Holidays and Holy Days

July 2, 2024

If we took a holiday
Took some time to celebrate
Just one day out of life
It would be, it would be so nice
Holiday sung by Madonna

Ahh…summertime! There is an air of excitement around the school in the weeks leading up to summer holidays; staff and students are in high spirits and ready to spend some time relaxing, myself included. The rhythm of summer holidays has been part of my groove for a very long time, first as a student , then as a teacher and parent, and now as an administrator. Anyone who works in schools is blessed to have this block of vacation, but we aren’t the only ones who treasure this time.

A few years ago there was some buzz in the educational community regarding year round schooling. The proponents of this initiative believe that students attending classes through the summer would have greater retention of information, therefore learning would increase. The idea never really caught on in North America. Traditionally, children were needed to work on the farm during the summer months and, although we have moved away from our farm roots, the notion of summer holidays is still a very strong part of our culture. It could be those long winters’ bundled under layers of clothing, but I think it has more to do with our sense of how special summer time was to us and the experiences we want for our kids.

Do you remember summertime when you were a kid? The weeks seemed to stretch on, with endless days of not much to do—certainly no set agenda. Sometimes we were bored, but active imaginations usually prevailed. We found all sorts of endeavours to occupy our time from fort building, to sprinkler escapades and lemonade stands. It was a carefree time, mostly just living in the moment. Occasionally there was an outing, but It didn’t matter if you went on a trip across the country or around the block, summer reigned supreme. Most of us feel a sense of nostalgia for those days, when you could ride a bike all afternoon or just lie on your back and look at the clouds. We want that same experience for our children, which is why summer holidays are still considered unchangeable, almost sacred.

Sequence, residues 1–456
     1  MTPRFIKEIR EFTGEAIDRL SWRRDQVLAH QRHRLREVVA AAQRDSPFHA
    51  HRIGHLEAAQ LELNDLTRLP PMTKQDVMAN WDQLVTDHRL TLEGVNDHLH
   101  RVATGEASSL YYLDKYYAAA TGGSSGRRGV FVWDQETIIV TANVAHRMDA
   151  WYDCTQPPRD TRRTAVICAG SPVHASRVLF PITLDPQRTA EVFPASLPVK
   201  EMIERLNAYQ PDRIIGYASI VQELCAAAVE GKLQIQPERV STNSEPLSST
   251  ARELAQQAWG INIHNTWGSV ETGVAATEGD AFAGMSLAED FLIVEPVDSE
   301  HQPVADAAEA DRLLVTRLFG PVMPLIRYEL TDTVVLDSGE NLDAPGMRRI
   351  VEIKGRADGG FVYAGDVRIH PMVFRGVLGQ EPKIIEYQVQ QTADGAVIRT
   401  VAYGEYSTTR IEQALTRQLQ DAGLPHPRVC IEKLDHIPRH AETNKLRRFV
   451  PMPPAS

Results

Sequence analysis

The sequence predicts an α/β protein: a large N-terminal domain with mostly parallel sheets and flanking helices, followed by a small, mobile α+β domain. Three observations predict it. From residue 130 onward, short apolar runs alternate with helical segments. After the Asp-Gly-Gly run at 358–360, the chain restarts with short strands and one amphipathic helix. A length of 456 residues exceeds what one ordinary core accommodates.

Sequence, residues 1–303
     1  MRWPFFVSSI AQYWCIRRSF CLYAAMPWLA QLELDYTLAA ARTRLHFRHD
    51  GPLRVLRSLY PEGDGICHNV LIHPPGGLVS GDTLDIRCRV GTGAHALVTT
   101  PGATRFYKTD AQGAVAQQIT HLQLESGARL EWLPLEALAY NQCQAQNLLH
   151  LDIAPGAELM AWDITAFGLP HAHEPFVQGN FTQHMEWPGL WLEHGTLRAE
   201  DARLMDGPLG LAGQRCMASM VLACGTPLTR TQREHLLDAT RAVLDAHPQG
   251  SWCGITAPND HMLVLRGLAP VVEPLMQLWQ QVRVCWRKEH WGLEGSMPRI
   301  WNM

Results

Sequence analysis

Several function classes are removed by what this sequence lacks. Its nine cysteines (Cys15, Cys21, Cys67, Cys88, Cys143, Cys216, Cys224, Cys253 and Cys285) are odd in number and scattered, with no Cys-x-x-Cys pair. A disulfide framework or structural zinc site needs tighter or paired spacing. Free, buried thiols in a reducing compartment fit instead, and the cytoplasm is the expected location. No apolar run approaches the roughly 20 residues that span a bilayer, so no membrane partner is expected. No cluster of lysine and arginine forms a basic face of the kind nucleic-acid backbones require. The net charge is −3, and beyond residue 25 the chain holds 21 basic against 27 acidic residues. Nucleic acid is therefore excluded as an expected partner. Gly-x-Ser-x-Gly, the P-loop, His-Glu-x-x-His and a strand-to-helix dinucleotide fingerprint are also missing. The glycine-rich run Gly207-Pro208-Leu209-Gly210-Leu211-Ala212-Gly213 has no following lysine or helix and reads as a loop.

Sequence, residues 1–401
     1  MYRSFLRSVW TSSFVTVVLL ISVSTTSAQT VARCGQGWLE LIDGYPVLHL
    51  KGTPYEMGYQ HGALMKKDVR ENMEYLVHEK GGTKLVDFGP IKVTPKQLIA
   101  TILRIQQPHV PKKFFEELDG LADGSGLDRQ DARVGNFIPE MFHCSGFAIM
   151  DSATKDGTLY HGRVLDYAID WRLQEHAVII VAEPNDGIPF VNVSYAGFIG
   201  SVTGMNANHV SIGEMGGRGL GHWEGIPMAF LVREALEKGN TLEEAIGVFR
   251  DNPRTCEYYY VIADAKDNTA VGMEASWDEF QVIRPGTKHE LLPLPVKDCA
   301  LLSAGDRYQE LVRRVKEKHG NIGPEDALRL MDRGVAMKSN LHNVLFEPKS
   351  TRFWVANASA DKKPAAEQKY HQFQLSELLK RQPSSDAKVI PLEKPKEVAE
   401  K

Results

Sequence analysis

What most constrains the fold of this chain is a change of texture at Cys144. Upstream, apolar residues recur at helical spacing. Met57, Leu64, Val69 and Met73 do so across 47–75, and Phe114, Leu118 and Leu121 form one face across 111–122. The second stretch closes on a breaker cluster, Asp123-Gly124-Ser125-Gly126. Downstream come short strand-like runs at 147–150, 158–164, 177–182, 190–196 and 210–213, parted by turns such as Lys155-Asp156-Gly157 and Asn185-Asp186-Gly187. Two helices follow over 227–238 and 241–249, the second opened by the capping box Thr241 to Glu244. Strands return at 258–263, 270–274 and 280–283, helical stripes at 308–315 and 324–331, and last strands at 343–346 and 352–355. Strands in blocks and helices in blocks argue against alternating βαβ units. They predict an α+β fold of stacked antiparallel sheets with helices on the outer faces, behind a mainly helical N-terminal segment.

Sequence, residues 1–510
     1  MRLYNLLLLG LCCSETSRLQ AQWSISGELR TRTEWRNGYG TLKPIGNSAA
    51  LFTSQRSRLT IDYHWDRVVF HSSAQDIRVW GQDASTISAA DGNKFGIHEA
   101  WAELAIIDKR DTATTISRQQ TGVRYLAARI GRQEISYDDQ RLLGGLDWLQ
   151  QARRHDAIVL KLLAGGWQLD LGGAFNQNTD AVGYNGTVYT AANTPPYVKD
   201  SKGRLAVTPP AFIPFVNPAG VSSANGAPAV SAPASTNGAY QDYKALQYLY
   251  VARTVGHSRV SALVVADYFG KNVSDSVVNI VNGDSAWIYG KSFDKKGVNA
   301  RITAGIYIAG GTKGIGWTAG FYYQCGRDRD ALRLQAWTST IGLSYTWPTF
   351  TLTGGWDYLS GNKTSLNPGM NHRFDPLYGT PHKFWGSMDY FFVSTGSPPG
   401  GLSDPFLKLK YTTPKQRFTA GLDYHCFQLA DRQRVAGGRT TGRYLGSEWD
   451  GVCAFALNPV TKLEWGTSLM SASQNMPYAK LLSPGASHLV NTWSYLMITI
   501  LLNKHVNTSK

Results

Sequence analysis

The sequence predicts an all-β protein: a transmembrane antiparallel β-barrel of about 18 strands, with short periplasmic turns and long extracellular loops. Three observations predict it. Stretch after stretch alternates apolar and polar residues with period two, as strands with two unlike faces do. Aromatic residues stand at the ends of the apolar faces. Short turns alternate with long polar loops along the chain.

Sacred is a good word for these days, considering that the word holiday comes from holy day. Originally, the word referred to days of special religious significance – a Saint’s feast day, Christmas or Easter and the like. In our modern lingo, holiday is interchangeable with vacation –time away from the usual work of the world. Still, there is something holy about those summer days of our youth and summer days now. As an adult, it is hard to be carefree. Sometimes though, just for a fleeting instant, we find ourselves truly present, paying attention to the moment we are in. It could be the slant of the sun through the trees, the smell of fresh cut grass or the sound of the birds in the morning that brings us out of ourselves and to an awareness of the world around us. The tug of a child’s hand is a great invitation to forget about work for awhile. As much as we teach our children, they help us to remember what is important and to re-learn the value of sitting by the fire with friends, walking by the water and playing catch. Holy days, indeed! Summer may not have the monopoly on these moments, but it certainly has a distinct advantage.

I hope that this summer provides you with some sacred moments and holy days. Enjoy the time with your family and I look forward to seeing everyone in September.

Christine McInnis